FAQ
Hi all. I'm wondering if anybody has devised a way to authenticate to
the admin/moderator interfaces in Mailman using browser certificates.
We try to use them to authenticate to web services wherever possible,
and have a fairly widely deployed PKI at my site.

It seems like this should be possible, but I really don't know python
and am not very familiar with Mailman's code. We use Apache and
mod_ssl, which means that we can make a bunch of environment variables
associated with the certificates available to Mailman. In particular,
we can find out the email address of the user. It seems like we should
be able to look for that email address in the list of admin or moderator
addresses and consider the user to be authenticated if it's there. The
web server is already doing the necessary work to verify that the
certificate is valid, so everything presented to Mailman should be
trustworthy.

Any help would be much appreciated.

noah

--
Noah Meyerhans System Administrator
MIT Computer Science and Artificial Intelligence Laboratory

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  • Jon Carnes at Jan 30, 2004 at 8:25 pm

    On Fri, 2004-01-30 at 14:03, Noah Meyerhans wrote:
    Hi all. I'm wondering if anybody has devised a way to authenticate to
    the admin/moderator interfaces in Mailman using browser certificates.
    We try to use them to authenticate to web services wherever possible,
    and have a fairly widely deployed PKI at my site.

    It seems like this should be possible, but I really don't know python
    and am not very familiar with Mailman's code. We use Apache and
    mod_ssl, which means that we can make a bunch of environment variables
    associated with the certificates available to Mailman. In particular,
    we can find out the email address of the user. It seems like we should
    be able to look for that email address in the list of admin or moderator
    addresses and consider the user to be authenticated if it's there. The
    web server is already doing the necessary work to verify that the
    certificate is valid, so everything presented to Mailman should be
    trustworthy.

    Any help would be much appreciated.

    noah
    Dude,

    Just move the script alias inside the ssl part of your httpd.conf.
  • Noah Meyerhans at Jan 30, 2004 at 9:11 pm

    On Fri, Jan 30, 2004 at 03:25:24PM -0500, Jon Carnes wrote:
    Just move the script alias inside the ssl part of your httpd.conf.
    I've already got the script alias in the SSL section of Apache's config.
    That works fine, but it's most definitely not authenticating based on
    the x509 certificate presented by the browser. It it supposed to? I
    haven't seen any indication in the documentation that leads me to
    believe it is. Please point me to whatever docs I'm missing if I am
    missing something. Or tell me where in mailman's source code I can find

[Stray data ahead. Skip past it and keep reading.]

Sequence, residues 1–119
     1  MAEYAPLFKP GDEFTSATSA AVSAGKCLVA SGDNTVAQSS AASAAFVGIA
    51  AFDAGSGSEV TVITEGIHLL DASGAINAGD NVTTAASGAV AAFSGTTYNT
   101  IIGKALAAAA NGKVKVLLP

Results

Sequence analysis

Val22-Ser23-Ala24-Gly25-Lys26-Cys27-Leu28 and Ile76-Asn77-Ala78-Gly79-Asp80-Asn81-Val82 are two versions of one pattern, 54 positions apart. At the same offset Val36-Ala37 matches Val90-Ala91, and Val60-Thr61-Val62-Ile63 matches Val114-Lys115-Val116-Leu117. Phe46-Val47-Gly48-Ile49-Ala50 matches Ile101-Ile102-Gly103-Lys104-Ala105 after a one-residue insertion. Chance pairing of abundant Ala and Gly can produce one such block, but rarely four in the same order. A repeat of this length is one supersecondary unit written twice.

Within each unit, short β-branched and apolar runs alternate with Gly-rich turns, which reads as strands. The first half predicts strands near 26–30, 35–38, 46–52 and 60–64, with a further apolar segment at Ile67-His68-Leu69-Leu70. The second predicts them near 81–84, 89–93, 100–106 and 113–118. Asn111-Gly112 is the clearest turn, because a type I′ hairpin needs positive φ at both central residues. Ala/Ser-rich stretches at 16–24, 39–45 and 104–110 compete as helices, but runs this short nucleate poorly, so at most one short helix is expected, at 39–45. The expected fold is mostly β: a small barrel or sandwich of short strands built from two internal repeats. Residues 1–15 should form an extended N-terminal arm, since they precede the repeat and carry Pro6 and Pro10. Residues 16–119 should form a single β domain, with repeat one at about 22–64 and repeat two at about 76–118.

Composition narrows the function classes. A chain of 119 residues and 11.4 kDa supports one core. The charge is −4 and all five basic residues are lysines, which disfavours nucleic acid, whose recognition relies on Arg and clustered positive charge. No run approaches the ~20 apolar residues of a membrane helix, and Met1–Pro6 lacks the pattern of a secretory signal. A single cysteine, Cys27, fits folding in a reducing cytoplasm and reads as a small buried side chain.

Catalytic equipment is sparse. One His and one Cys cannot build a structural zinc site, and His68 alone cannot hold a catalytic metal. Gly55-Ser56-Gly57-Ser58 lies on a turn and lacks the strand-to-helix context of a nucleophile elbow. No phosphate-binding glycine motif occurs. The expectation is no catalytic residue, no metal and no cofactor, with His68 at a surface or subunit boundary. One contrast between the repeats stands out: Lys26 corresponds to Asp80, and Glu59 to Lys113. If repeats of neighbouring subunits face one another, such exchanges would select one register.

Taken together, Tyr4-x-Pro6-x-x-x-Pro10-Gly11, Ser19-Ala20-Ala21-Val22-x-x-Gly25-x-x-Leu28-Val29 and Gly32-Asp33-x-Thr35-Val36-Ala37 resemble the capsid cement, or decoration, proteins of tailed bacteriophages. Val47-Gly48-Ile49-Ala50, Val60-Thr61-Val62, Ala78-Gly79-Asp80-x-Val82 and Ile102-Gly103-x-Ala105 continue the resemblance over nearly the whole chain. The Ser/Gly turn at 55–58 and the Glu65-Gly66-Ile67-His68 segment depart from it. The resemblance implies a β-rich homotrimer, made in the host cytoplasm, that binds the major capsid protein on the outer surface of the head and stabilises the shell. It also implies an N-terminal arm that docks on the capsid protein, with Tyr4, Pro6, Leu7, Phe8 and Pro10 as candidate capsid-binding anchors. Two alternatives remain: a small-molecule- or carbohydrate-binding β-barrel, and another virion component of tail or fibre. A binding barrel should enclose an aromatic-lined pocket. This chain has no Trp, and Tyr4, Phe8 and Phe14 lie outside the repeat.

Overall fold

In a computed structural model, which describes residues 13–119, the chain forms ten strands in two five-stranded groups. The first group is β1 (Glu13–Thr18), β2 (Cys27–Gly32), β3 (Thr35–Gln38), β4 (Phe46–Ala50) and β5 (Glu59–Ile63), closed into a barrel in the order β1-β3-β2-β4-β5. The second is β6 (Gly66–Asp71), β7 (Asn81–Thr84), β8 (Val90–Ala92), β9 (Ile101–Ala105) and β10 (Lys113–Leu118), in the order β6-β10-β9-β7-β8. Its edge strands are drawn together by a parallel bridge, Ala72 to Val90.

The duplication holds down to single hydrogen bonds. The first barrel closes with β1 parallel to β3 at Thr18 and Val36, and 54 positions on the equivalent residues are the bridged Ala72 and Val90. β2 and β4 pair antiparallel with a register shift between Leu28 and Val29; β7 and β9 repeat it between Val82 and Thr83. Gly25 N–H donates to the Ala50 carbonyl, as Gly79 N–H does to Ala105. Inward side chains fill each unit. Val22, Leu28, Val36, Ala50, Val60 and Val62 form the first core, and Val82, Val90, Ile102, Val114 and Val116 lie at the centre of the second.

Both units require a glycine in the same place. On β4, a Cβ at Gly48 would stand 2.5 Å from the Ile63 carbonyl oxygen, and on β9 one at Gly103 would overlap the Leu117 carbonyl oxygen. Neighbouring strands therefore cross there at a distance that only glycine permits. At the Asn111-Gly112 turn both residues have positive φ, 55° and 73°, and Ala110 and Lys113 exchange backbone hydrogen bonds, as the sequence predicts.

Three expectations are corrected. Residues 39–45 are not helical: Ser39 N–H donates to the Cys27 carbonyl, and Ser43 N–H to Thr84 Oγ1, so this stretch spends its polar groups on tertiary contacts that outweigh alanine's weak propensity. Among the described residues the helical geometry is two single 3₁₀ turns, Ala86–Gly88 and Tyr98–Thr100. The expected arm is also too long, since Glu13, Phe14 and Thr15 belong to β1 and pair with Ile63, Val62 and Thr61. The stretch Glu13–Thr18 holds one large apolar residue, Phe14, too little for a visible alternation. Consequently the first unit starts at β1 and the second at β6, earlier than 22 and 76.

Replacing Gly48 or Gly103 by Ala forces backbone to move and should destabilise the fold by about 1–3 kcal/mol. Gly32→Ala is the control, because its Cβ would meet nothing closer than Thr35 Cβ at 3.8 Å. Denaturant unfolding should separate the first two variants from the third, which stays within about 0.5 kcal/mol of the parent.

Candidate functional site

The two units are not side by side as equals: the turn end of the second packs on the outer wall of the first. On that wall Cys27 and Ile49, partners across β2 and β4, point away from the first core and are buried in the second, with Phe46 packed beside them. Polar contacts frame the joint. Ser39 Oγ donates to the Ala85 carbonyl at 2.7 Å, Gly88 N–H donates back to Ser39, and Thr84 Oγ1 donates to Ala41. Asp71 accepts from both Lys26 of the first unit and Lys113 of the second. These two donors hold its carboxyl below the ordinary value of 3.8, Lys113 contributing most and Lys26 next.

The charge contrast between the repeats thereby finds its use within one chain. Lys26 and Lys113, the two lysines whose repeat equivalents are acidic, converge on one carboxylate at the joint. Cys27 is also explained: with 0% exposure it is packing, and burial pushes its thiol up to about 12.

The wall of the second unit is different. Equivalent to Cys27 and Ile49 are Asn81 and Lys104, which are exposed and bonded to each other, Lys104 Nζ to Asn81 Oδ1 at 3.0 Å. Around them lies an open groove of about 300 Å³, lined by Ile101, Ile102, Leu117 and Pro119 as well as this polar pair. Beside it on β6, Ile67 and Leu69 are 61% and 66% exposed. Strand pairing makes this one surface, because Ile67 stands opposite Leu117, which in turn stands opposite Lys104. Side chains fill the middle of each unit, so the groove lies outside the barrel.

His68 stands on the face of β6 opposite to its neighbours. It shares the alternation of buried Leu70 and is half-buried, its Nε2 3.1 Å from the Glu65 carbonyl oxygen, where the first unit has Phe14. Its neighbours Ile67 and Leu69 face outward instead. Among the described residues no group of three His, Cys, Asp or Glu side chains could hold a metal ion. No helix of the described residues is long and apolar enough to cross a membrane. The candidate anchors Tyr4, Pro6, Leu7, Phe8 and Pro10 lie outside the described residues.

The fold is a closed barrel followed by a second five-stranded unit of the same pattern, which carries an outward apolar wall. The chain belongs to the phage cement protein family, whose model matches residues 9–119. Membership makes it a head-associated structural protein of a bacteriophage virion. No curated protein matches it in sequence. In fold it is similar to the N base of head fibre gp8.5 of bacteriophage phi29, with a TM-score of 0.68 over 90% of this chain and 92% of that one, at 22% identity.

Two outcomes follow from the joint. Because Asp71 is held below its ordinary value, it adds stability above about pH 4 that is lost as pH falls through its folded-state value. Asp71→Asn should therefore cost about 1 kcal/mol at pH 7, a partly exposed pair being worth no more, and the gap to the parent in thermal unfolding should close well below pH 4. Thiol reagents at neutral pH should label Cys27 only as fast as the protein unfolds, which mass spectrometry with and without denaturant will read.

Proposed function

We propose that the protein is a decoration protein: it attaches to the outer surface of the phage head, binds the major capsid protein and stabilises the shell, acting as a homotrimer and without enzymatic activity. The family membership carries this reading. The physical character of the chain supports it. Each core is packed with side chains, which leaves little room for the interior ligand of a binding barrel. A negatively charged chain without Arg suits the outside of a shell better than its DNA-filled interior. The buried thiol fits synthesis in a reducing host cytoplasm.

that functionality.

    In case I was not clear in my intentions: If the browser presents an
    x509 certificate that is properly signed by my Certificate Authority,
    and the email address associated with the certificate is listed in the
    admin or moderator fields in Mailman, then the user should be considered
    authenticated. At no point should they be prompted for a password.

    noah

    --
    Noah Meyerhans System Administrator
    MIT Computer Science and Artificial Intelligence Laboratory

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  • Jon Carnes at Jan 30, 2004 at 11:02 pm
    You'll need to dive into the code for that. Mailman is totally and
    blissfully unaware of such authentications.

    Good Luck - Jon Carnes
    On Fri, 2004-01-30 at 16:11, Noah Meyerhans wrote:
    On Fri, Jan 30, 2004 at 03:25:24PM -0500, Jon Carnes wrote:

    Just move the script alias inside the ssl part of your httpd.conf.
    I've already got the script alias in the SSL section of Apache's config.
    That works fine, but it's most definitely not authenticating based on
    the x509 certificate presented by the browser. It it supposed to? I
    haven't seen any indication in the documentation that leads me to
    believe it is. Please point me to whatever docs I'm missing if I am
    missing something. Or tell me where in mailman's source code I can find
    that functionality.

    In case I was not clear in my intentions: If the browser presents an
    x509 certificate that is properly signed by my Certificate Authority,
    and the email address associated with the certificate is listed in the
    admin or moderator fields in Mailman, then the user should be considered
    authenticated. At no point should they be prompted for a password.

    noah

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groupmailman-users @
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postedJan 30, '04 at 7:03p
activeJan 30, '04 at 11:02p
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Noah Meyerhans: 2 posts Jon Carnes: 2 posts

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